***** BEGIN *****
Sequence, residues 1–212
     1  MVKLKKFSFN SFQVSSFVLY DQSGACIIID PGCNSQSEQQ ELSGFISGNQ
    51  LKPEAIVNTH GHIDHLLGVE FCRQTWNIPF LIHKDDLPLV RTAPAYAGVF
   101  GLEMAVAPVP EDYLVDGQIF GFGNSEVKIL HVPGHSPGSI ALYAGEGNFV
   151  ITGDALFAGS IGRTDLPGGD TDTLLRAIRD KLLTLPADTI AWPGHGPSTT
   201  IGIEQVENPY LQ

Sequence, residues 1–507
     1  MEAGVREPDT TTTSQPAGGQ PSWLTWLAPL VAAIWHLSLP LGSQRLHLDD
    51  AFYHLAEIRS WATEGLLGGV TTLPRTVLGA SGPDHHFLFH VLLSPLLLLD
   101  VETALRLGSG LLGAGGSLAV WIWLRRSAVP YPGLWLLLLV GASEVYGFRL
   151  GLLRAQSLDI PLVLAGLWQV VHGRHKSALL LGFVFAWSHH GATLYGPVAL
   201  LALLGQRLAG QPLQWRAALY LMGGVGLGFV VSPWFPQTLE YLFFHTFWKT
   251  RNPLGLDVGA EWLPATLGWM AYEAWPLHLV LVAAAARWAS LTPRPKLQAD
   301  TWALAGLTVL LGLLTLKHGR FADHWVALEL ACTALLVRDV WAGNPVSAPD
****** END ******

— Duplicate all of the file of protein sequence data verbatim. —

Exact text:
Sequence, residues 1–212
     1  MVKLKKFSFN SFQVSSFVLY DQSGACIIID PGCNSQSEQQ ELSGFISGNQ
    51  LKPEAIVNTH GHIDHLLGVE FCRQTWNIPF LIHKDDLPLV RTAPAYAGVF
   101  GLEMAVAPVP EDYLVDGQIF GFGNSEVKIL HVPGHSPGSI ALYAGEGNFV
   151  ITGDALFAGS IGRTDLPGGD TDTLLRAIRD KLLTLPADTI AWPGHGPSTT
   201  IGIEQVENPY LQ

Sequence, residues 1–507
     1  MEAGVREPDT TTTSQPAGGQ PSWLTWLAPL VAAIWHLSLP LGSQRLHLDD
    51  AFYHLAEIRS WATEGLLGGV TTLPRTVLGA SGPDHHFLFH VLLSPLLLLD
   101  VETALRLGSG LLGAGGSLAV WIWLRRSAVP YPGLWLLLLV GASEVYGFRL
   151  GLLRAQSLDI PLVLAGLWQV VHGRHKSALL LGFVFAWSHH GATLYGPVAL
   201  LALLGQRLAG QPLQWRAALY LMGGVGLGFV VSPWFPQTLE YLFFHTFWKT
   251  RNPLGLDVGA EWLPATLGWM AYEAWPLHLV LVAAAARWAS LTPRPKLQAD
   301  TWALAGLTVL LGLLTLKHGR FADHWVALEL ACTALLVRDV WAGNPVSAPD